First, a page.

Immersive Technologies Are Already Reshaping L&D
Immersive Technologies Are Already Reshaping L&D

This is not science fiction. If you think back to about 10 years ago, some of the experiences we have right now were science fiction back then,” said tech visionary Dragana Beara about immersive technologies during a webinar recently hosted by MERIT.

Virtual reality (VR) and augmented reality (AR) technologies are actively used today for learning and development (L&D) purposes in many other industries. Dragana, the Global Messaging Director for Augmentation & Immersive Technologies at Dell Technologies, together with Martin Sawtell, head of Software Proof of Concept for the Experience Innovation Group, and Matt Coppinger, Director of Immersive Technologies at VMware, provided a fascinating overview of how VR and AR are applied today. The experts also looked five to 10 years into the future to examine what our relationship with immersive technologies and augmented reality is going to be.

A boost to corporate training

A major field where immersive technologies are increasingly being used is corporate training. The technology has evolved rapidly over the last five years. Every year we see new devices and new advances in both software and hardware, Matt said, adding that “at VMware, we have seen a huge number of our customers adopt VR for immersive training purposes.” One of those customers, Johnson & Johnson, conducted a study showing that immersive training is 83% more effective. Other studies have proved that immersive training improves information retention and the ability to repeat tasks. “The other benefit around virtual reality is that this training is digital, which means it’s repeatable, measurable and scalable, so you can send the headsets to your employees and they can conduct the training remotely in a safe environment.

Immersive training is 83% more effective.

Soft skills

Immersive technology can help teach people do mechanical tasks, but what is more impressive is that it can also help them develop soft skills. For instance, users can go through HR training where they are placed in an office environment with a realistic virtual avatar. The animated person they are speaking to would react to the choices that they make with gestures and facial expressions. When users talk, the application picks up on what they are saying and the conversation flows. There are also speech applications, which can improve presentation skills. Users present their material on a virtual stage and see a virtual crowd, while the application tracks their voice and even their eye movements. If they are not looking at the audience, people will start acting bored and even stand up and leave.

Corporate wellness

VR and AR are not necessarily limited to training. They can be used for immersive presentations, such as location tours for remote employees who want to walk around the office. Employees can also use the technology to change their state of mind and their mood. There is an app that records people’s current mood and then asks them how they want to change it. Based on their answers, the app will create an audio-visual experience. Users can choose a passive experience to lower their heart rate or an interactive, stimulating one to energise them.

Read: Is VR Training the Future of L&D?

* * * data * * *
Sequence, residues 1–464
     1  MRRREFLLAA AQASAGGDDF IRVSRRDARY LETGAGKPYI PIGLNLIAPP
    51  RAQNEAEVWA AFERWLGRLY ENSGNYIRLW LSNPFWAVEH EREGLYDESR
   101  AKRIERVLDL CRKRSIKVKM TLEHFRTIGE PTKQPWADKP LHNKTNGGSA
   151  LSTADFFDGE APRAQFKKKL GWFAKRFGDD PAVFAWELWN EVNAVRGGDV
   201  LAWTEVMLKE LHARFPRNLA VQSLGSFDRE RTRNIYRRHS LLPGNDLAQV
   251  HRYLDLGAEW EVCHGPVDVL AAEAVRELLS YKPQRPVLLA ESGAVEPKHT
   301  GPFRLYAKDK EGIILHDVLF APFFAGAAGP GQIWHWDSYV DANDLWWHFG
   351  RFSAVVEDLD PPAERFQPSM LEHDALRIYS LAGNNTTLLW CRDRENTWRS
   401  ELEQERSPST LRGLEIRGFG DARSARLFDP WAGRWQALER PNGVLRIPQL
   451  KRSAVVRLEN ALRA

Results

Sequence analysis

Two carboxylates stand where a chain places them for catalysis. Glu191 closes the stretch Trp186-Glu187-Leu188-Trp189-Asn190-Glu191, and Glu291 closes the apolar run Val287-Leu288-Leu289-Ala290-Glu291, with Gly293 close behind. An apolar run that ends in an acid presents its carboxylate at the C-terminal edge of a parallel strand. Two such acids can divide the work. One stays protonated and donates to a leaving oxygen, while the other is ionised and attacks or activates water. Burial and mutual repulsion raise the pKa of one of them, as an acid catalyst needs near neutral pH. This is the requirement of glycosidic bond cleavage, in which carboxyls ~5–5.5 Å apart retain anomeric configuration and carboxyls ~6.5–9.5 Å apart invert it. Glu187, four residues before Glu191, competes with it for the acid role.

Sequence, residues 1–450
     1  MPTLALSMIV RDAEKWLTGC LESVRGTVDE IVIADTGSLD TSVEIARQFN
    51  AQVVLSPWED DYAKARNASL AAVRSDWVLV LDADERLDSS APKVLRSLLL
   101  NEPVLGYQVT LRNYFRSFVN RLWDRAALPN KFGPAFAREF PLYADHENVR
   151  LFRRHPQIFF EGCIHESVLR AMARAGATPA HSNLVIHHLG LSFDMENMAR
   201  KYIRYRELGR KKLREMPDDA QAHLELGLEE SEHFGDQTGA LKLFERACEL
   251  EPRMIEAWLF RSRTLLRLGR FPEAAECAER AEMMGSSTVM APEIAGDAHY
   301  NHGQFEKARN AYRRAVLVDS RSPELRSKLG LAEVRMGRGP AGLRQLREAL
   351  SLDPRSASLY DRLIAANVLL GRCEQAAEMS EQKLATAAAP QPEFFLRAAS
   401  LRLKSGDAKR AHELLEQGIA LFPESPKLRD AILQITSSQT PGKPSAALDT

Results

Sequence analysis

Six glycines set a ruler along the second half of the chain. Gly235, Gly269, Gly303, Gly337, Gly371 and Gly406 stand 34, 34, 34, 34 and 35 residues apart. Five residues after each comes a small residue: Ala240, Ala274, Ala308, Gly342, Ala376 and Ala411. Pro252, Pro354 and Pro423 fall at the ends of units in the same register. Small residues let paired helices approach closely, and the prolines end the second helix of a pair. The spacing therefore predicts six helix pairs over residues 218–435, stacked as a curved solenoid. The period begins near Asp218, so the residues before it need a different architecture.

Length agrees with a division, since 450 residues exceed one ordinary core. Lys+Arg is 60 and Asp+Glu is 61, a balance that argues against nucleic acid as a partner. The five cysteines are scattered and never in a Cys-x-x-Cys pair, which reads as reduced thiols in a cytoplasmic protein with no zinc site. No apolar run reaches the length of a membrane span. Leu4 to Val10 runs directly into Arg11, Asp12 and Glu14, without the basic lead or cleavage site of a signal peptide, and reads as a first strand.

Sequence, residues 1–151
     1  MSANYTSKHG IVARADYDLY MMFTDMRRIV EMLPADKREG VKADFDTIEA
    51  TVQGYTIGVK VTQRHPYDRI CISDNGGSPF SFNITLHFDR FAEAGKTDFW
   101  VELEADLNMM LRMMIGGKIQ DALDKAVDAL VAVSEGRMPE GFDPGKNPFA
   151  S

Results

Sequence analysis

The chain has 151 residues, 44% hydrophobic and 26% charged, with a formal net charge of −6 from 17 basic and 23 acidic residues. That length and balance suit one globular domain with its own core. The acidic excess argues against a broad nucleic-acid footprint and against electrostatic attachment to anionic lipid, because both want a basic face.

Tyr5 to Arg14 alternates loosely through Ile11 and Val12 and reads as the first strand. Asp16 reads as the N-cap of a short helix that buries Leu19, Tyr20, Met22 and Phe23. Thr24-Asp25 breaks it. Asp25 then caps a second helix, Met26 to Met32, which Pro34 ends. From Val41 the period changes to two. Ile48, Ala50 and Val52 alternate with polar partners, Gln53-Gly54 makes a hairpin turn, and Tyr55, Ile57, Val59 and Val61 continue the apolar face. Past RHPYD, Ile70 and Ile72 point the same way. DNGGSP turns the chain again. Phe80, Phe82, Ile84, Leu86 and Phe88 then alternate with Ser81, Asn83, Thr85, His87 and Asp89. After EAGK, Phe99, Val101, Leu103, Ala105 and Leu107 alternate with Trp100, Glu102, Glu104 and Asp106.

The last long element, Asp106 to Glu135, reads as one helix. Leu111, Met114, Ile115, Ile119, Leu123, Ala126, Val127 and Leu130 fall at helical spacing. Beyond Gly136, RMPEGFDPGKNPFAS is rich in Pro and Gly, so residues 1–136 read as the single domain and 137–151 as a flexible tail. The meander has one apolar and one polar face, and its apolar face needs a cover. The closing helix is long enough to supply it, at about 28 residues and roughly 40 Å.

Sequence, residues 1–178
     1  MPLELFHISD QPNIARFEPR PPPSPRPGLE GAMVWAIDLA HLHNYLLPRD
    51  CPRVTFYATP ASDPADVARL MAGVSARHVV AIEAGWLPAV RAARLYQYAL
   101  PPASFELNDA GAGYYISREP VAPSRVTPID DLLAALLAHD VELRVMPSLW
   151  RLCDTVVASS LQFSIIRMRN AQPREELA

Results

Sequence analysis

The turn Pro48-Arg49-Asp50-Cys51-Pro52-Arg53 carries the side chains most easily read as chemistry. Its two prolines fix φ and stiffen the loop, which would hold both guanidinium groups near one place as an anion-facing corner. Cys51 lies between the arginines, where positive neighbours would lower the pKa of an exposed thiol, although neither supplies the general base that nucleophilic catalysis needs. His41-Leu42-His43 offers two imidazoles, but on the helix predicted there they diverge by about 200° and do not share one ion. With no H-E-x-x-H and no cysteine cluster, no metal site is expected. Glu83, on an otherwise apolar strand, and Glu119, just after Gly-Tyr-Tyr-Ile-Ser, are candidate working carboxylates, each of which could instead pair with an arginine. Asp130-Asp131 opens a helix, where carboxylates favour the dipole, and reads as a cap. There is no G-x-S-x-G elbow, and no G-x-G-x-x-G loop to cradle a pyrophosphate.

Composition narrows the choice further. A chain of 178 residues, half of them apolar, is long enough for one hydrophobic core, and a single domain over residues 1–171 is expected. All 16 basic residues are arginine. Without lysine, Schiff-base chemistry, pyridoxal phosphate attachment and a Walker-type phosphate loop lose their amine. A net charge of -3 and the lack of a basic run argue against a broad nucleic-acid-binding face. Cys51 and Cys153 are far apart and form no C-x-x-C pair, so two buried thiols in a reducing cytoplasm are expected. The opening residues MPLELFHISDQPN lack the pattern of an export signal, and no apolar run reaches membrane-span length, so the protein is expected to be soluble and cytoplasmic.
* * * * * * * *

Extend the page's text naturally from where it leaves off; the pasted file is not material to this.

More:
The potential of AR and VR applications across industries

Multiple industries are actively embracing immersive technologies for both commercial and consumer use, according to data from Goldman Sachs Global Investment Research presented by Dragana. One of those industries is gaming. The use of VR and AR, however, goes beyond purely entertainment purposes, with gamification also applied in immersive training programmes. Healthcare is another sector increasingly using VR and AR applications, especially now when contactless experience and telemedicine are so important.

The Covid-19 pandemic has also pushed immersive technologies into the engineering and real estate sectors. A lot of people turned to video and augmented reality when renting and buying homes during a lockdown. Ikea has already come up with a solution for inserting furniture into your own space. And then of course there is the military, which has always been a pioneer in this area, deploying VR and AR tools for combat training and enabling soldiers to experience dangerous situations without actually being in danger. The diverse application of immersive technologies in these sectors is a testimony to the vast untapped potential for L&D departments in the corporate world.

Read: How Technology Is Shaping the Future of Work and the Role of HR (Interview)

The next computer platform

This potential can arguably increase as VR and AR devices become more user friendly and shrink in size. “Our experience with computing has changed over time,” Martin said, noting that the evolution from the first computers to today’s devices shows that they are becoming increasingly human, transparent, accessible, and relatable. Immersive technologies are expected to follow a similar trajectory. “On the hardware side we will see the merging of AR and VR devices, which will become mixed reality devices and will shrink in size,” Matt said. Over the next 10 years we will see all these devices collapse into one easily wearable form, thus bringing about more mainstream use cases, certainly on the consumer side. Today, Matt said, VR and AR are used for very specific tasks: training, visualisation, augmented workflows or remote systems. But in the future, immersive technology has the potential to become the next computer platform that will be implemented in all business processes.

By Valentin Vassilev